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Getting to Know Grappa: Why You Should Give This Drink a Shot

This “Italian firewater” drink isn’t limited to skiing season. Let its fiery taste comfort you in your own home on an early spring night and see if you don’t make it a habit.

Grappa, or "Italian firewater," was originally made in the town of Bassano del Grappa, in the Veneto region of Italy, and that’s where it gets its name. Today, distilleries all over the world are making it.

 

While brandy is distilled wine, and whiskey is essentially distilled beer, Grappa is a spirit that’s distilled from pomace -- the seeds, skin, and stems of grapes left over from pressing during the winemaking process (because why compost when you can make booze out of your leftovers?). Originally, it was cheap to make and kept the farmers warm through the cold winters of Northern Italy. Farmers would even put it in their espresso in the morning! It was also pretty rustic; a strong grappa could definitely grow some hair on your chest.

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A large bin of pomace.

But in the 1970s, one intrepid, passionate lady with a true DIY spirit single-handedly flipped the script on grappa and its reputation. Giannola Nonino and her husband, Benito, were obsessed with elevating grappa into something delicious, smooth, and elegant -- more suitable for sipping after dinner than chugging from a flask in the barn. They did this by purchasing only the best, freshest pomace from the top winemakers in the region -- and while most grappa was made from the a mix of debris from all different grapes, the Noninos tried making one from a single variety of grape, Picolit. This was a revolutionary concept, and the result was sublime!

 

However, when Giannola would bring this fine grappa around to dinner parties, excited to share, people were having none of it -- grappa was thought to be too lowbrow.

 

So, Giannola did what any persistent entrepreneur would do -- she gave it a makeover and a guerilla marketing push! First, she put the grappa into adorable apothecary bottles with silver-plated stoppers that she found at the local chemist. Then, she hand-tied labels around the neck of each bottle with yarn for a personal touch and priced it around the level of a fine single-malt Scotch. Finally, she personally took her grappa around to restaurants and wine shops all over Italy pouring it for people and telling her story. She created a movement. Once other distillers and winemakers realized there was money to be made, they followed in her footsteps and thus started the era of modern grappa!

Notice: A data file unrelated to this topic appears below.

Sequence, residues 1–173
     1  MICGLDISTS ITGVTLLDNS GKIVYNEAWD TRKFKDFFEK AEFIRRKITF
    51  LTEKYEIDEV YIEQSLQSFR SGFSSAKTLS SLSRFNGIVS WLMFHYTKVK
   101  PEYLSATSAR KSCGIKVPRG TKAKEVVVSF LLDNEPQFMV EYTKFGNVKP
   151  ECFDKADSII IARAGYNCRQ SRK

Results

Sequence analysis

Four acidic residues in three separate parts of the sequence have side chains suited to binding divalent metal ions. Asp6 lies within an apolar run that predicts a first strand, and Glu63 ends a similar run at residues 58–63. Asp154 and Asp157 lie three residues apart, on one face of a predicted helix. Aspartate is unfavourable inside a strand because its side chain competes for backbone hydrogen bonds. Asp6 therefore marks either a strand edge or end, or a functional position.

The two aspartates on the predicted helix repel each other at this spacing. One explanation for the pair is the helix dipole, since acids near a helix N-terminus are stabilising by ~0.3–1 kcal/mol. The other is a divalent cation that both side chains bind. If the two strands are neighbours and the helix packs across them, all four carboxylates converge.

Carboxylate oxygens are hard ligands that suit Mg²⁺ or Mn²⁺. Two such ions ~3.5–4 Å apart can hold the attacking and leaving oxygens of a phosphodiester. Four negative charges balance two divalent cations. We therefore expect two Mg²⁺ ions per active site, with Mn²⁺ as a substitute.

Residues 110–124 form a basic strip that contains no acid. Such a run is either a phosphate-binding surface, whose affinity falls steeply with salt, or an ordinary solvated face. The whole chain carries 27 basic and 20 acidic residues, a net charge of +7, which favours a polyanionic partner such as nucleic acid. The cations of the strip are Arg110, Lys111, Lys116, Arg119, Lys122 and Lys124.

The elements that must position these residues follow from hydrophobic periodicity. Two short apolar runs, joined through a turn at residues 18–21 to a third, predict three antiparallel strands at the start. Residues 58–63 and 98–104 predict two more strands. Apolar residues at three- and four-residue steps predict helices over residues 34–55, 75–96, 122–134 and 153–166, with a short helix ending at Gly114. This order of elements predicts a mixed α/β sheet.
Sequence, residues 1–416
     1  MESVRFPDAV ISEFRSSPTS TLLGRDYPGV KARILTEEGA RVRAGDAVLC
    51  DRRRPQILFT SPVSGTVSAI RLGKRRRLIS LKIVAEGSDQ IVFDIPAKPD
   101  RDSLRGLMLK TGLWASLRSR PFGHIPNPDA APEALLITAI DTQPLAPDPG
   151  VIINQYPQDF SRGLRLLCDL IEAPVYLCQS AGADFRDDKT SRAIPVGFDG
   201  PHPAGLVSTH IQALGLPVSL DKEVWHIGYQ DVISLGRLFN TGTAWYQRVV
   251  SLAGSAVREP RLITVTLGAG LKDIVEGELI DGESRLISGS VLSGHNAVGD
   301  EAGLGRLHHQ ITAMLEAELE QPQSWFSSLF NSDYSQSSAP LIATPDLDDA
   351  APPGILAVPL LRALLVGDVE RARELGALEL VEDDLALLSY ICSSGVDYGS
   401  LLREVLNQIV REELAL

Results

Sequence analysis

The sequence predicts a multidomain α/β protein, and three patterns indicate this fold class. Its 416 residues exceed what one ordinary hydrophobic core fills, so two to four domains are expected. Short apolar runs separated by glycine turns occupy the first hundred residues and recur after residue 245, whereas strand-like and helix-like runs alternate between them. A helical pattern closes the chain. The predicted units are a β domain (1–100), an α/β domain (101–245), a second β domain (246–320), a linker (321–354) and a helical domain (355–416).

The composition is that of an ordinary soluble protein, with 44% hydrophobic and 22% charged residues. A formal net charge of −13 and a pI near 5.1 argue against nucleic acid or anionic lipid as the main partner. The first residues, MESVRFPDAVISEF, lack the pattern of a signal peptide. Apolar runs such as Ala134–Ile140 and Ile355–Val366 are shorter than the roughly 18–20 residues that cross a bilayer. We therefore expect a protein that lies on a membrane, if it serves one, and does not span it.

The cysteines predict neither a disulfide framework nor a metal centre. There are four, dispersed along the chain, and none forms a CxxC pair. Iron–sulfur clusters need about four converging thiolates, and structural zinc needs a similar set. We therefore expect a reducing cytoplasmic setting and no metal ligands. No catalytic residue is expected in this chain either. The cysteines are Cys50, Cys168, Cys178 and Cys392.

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Now that you have a great story to share by the fire, let’s explore our grappa options, shall we? Drink it neat or slightly chilled, out of a delicate little tulip-shaped grappa glass. Here are some of my favorites:

 

Nonino ‘Ue Vitigni Bianchi’ Grappa

If you’re inspired by Giannola Nonino’s story and dying to try some grappa from her family, this grappa is sweet and fresh with floral notes and echoes of pear flavor.

Ceretto Zonchera Grappa

This one is from the Piedmont region, made from the pomace of Nebbiolo grapes, as is widely available stateside. One taste will transport you directly to an Alpine villa. Drink it as a digestif after a hearty fondue!

Po’ di Poli Moscato Grappa

If you’re drawn to very delicate aromas of orange blossoms and a faint kiss of honey, you will fall in love with this nectar from one of Italy’s most famous grappa producers, made from the pomace of Moscato grapes, .

Berta Grappa di Barbera

From Piedmont, Italy, the Berta family has been in the distilling biz for centuries. This grappa is made from 100 percent Barbera grapes. It’s very rich in flavor with essence of cherries and vanilla.

 

Extra Credit: If you discover a love for grappa, and want to explore some other exotic distillates, there are many options. Calvados, from Normandy in France, is distilled from cider. Give Slivowitz a chance -- it's a Croatian liquor distilled from plums. And my personal favorite: Eau de Vie from Austria, which is distilled from fruits and comes in such delicious varieties as raspeberry, pear, cherry, and apricot. 

 

Photography by Matt Rogers and Carsten Tolkmit.

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